BPC Criticised Over Promotions

CRITICISM of the promotion of UK potatoes has been refuted by the British Potato Council, which claims that promotions were so successful in 2000 the industry asked for them to be repeated this year.

Peter Cooper, of market information company Potato Call, says the BPC should adopt a more “hands-on” approach.

He reports that growers have seen very little reaction to the BPCs efforts, and think that the campaign needs a “kick-start”.

Peter Cooks, of farmer-owned co-op Puffin Produce, agrees that their could have been better coverage early in the season.

“We are in direct competition with Jersey potatoes, which have an almost infinite budget, and a very wide sales window, which encroaches on the British sales period.”

“The BPC should be more forceful and persuade supermarkets to take Jersey produce only until the start of the UK early season, and then switch over to British spuds.”

But Richard Clark of packer Branston Potatoes says that growers dont appreciate the work that goes into the schemes.

“The BPC has made a big difference to consumer awareness, with promotions like Kids go Free and National Chip Week,” he says.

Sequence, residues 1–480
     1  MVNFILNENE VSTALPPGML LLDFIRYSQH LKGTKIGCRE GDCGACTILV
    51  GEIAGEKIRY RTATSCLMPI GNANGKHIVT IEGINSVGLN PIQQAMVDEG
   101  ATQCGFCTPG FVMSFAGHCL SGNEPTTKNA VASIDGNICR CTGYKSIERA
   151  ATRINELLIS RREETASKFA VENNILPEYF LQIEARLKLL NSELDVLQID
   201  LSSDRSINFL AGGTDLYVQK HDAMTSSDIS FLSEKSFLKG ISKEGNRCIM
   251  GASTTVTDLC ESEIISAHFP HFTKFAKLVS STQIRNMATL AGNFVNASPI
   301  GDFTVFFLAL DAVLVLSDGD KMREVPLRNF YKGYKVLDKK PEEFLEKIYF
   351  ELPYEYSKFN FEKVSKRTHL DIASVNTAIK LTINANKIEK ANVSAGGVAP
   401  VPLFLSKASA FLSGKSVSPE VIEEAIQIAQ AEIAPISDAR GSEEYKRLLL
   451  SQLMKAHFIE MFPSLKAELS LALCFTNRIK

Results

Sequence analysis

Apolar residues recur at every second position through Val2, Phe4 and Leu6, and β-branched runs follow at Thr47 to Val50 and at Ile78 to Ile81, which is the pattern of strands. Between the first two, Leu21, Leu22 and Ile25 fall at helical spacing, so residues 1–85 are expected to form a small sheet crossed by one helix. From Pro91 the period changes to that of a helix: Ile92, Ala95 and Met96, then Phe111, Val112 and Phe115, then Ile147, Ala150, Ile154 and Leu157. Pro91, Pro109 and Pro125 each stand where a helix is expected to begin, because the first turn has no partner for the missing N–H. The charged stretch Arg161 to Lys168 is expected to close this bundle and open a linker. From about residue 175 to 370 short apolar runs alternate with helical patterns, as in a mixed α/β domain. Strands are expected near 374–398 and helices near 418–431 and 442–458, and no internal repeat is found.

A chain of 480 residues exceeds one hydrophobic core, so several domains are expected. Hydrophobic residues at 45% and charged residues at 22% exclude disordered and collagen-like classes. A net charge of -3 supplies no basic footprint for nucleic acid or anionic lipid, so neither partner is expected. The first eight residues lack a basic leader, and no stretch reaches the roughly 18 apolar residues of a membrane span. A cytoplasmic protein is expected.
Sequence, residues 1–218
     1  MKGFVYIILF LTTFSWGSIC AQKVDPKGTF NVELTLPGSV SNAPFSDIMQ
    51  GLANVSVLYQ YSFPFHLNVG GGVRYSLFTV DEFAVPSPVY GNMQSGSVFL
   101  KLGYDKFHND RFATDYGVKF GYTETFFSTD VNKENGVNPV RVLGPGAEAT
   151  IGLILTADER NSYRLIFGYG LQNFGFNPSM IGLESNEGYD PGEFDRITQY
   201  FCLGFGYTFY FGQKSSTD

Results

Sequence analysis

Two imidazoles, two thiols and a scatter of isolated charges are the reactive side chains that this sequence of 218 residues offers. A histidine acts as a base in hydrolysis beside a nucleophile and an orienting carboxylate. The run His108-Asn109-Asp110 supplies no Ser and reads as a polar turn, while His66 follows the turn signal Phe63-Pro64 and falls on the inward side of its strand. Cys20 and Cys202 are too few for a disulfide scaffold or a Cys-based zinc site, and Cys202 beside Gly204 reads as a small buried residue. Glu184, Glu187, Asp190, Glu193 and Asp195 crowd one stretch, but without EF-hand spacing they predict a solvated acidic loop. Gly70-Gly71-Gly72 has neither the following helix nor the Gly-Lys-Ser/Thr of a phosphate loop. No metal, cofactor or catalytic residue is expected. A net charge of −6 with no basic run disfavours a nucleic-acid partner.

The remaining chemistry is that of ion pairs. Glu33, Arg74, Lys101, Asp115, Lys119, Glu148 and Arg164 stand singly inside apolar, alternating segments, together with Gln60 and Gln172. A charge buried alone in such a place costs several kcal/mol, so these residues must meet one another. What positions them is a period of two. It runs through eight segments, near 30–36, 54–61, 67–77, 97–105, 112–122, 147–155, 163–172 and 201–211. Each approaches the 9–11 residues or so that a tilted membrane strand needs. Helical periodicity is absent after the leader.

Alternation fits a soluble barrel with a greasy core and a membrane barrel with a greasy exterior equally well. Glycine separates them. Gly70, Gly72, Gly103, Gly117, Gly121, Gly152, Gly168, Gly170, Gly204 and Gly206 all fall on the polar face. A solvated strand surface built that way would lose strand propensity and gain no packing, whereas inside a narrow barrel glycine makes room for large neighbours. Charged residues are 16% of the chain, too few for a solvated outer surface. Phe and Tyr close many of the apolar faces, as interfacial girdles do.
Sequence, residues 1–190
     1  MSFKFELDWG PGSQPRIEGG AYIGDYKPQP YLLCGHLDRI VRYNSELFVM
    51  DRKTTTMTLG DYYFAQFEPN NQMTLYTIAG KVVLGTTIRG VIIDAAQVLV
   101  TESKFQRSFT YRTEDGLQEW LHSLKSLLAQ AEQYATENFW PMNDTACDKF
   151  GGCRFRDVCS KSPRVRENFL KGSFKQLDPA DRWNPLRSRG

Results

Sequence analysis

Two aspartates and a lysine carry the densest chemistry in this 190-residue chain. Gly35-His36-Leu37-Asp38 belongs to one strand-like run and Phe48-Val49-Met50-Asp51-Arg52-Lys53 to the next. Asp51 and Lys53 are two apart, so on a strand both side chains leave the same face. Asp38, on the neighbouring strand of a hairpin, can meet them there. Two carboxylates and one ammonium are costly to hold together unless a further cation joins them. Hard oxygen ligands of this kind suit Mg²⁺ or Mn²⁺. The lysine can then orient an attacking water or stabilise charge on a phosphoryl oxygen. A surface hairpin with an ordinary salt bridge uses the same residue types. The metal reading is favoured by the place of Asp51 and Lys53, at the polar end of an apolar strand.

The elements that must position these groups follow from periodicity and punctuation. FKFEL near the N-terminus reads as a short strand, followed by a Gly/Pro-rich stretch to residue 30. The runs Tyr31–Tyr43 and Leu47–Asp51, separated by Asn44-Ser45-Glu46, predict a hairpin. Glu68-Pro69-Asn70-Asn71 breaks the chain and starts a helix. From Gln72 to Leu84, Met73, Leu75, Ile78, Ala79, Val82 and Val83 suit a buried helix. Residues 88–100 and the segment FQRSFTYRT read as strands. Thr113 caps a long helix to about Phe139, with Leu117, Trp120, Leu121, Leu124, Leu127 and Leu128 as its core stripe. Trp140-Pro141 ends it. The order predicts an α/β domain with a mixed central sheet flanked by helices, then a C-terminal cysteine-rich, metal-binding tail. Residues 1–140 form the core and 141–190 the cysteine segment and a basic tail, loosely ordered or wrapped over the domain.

Last years figures show a definite boost in sales: Safeway saw a 74% year-on-year uplift on regional bags, and Tesco recorded a 30% increase in sales of 1.5kg packs.

Potato buyer Roy Maynard says: “Kids go Free was a fantastic promotion resulting in excellent sales. The customer feedback was overwhelming.”

In a recent survey, 81% of shoppers wanted more ideas on recipes and information on characteristics of different potatoes.

The BPC is now offering recipe leaflets featuring celebrity chef James Martin, which will be a strong feature of the maincrop promotion.

“Our aim is to match, if not increase, the uplift in sales we saw last year and to encourage retailer feedback to show the industry how much the promotion adds value to the product,” said a spokeswoman for the company.

Meanwhile, prices have struggled to hold following the long weekend and disappointing orders, although top quality frying samples continue to enjoy strong demand.

Premiere are worth 80-85/t bagged, while loose-skin baking varieties have weakened to 60-80/t in bulk.

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